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Just The Sports: Free Agent Mistake

Just The Sports

Wednesday, July 14, 2010

Free Agent Mistake

Forward Al Harrington may be many things in his life, but worthy of playing for the Denver Nuggets he is not. Yet, inexplicably, the Nuggets just signed Harrington to a five-year, $34 million contract; in other words, the Nuggets just signed him to a contract that is five years too long and worth thirty-four million dollars too much. Harrington would be a poor signing for any team, but for the Nuggets, it is an especially poorly thought out signing.

Over the past two seasons, the Nuggets have been in the top ten of NBA teams (7th in 2008-09 and 3rd in 2009-10) in terms of points per 100 possessions, making them one of the most efficient offensive teams in the league right now. Harrington, on the other hand, is one of the most inefficient offensive players currently employed by an NBA franchise, although it would seem Harrington does not realize that considering how much he likes to dominate the ball on offense.

Throughout the course of his career, Harrington has only had two seasons when his offensive rating (an estimate of how many points a player produces per 100 possessions) was greater than his defensive rating (an estimate of how many points a player allows per 100 possessions). Therefore, his teams have actually suffered for the most part by having Harrington on the court. Sure, he has had a few good games, but overall, a team will run a point deficit if they choose to play Harrington regularly.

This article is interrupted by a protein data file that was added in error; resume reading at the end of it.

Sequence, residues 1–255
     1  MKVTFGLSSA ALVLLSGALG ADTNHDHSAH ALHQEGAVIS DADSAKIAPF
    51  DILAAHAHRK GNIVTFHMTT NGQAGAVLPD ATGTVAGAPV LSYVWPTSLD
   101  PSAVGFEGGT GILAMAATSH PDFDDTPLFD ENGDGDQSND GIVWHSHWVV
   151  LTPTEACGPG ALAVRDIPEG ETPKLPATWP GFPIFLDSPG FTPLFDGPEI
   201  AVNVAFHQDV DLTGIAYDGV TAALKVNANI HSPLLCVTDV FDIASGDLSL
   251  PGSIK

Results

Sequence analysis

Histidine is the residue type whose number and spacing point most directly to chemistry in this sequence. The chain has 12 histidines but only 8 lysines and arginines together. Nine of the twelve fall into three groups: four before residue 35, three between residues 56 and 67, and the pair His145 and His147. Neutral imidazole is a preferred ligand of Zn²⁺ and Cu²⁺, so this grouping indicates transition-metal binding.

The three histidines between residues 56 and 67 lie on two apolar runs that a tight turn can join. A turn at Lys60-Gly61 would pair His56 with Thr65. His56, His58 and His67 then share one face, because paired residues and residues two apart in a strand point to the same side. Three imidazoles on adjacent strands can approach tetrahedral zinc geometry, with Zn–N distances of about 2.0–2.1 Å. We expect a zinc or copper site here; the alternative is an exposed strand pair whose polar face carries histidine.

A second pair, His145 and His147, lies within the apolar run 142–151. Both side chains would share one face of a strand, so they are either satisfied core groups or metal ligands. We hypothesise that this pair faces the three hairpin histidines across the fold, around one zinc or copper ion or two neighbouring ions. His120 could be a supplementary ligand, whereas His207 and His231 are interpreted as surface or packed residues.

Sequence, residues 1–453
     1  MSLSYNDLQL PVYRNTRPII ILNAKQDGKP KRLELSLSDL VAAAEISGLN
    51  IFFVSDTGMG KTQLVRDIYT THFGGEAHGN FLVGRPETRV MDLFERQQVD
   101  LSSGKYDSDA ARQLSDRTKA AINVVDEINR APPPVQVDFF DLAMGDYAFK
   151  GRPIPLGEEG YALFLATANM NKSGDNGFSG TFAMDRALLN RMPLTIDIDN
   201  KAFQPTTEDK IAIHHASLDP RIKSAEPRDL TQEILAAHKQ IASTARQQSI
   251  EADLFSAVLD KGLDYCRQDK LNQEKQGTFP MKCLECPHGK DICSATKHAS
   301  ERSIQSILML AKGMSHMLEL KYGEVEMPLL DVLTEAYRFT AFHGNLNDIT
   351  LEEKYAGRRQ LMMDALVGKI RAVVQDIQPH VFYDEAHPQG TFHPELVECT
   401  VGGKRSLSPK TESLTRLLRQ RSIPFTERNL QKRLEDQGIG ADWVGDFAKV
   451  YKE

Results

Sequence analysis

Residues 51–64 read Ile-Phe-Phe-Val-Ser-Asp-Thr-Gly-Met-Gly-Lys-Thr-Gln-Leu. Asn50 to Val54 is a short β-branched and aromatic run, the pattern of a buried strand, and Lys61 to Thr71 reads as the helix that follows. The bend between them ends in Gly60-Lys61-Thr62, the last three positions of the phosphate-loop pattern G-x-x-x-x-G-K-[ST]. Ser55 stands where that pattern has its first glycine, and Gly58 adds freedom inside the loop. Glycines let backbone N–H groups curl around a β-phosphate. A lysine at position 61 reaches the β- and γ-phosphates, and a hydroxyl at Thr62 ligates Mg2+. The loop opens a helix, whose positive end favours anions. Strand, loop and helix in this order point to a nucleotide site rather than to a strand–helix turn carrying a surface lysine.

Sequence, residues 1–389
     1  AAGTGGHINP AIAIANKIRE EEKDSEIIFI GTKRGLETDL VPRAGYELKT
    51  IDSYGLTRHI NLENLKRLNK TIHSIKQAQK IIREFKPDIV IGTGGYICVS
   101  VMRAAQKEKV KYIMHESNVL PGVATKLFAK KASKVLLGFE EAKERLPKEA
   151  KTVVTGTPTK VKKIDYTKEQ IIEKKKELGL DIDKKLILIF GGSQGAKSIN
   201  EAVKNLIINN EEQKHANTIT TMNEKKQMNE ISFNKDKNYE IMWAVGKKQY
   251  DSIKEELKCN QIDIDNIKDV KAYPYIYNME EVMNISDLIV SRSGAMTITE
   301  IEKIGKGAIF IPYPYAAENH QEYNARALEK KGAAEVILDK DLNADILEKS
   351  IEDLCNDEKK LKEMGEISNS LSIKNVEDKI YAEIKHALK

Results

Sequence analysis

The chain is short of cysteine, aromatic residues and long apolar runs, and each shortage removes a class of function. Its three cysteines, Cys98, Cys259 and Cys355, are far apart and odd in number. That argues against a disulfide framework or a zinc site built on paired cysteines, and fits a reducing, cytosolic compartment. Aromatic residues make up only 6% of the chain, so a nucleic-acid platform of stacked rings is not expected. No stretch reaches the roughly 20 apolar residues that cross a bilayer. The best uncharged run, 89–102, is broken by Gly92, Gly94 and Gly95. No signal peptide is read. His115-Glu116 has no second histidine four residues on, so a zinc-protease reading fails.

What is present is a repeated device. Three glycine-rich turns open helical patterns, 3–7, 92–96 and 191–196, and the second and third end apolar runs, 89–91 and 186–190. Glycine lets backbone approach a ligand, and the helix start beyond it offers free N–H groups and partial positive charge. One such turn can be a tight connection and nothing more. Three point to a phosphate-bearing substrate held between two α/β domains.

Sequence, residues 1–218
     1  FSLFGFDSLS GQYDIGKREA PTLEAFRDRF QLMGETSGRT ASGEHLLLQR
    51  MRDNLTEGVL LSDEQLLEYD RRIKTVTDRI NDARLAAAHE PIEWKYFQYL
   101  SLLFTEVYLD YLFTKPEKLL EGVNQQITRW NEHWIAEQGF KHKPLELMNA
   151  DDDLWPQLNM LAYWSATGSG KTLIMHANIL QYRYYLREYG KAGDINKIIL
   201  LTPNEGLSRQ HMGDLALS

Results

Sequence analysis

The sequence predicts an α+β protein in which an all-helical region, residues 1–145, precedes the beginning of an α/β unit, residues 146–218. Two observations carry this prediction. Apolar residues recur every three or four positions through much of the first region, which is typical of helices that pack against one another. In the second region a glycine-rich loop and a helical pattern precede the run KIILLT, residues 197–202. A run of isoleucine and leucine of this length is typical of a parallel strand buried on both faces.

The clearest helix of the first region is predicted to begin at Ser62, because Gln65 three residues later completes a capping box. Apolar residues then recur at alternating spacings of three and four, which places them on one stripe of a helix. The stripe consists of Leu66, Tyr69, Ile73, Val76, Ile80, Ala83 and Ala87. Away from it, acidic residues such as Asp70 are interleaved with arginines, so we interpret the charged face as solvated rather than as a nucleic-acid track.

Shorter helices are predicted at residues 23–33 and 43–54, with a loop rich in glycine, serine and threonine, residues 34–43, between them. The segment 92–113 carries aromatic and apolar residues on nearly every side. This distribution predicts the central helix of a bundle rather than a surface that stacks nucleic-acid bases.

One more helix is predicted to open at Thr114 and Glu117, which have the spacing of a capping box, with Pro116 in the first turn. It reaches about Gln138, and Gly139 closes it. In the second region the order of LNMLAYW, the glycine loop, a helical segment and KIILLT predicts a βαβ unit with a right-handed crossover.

If the Nuggets signed him for his defense since they obviously could not have signed him for his offensive exploits, then they are mistaken on that front as well. Yes, Kenyon Martin is entering his age-33 year and has a history of suffering major injuries so the Nuggets should be looking for a player who can replace his role on the team, which is to provide some sort of defensive presence on the interior. Sadly, Harrington has not played defense since 2003-04 when he last played on a team that stressed defense and cannot be counted on now to play defense on a team where defense is simply not a priority. Harrington neither blocks shots nor rebounds at a high rate, making him a defensive liability.

The only thing Harrington will be able to do over the next five years is be overpaid. If that is what the Nuggets signed him to do, then the transaction can easily be considered a success. Of course, they are probably expecting a return on their investment so they will no doubt be disappointed they spent their mid-level exception on a player who cannot help them win.



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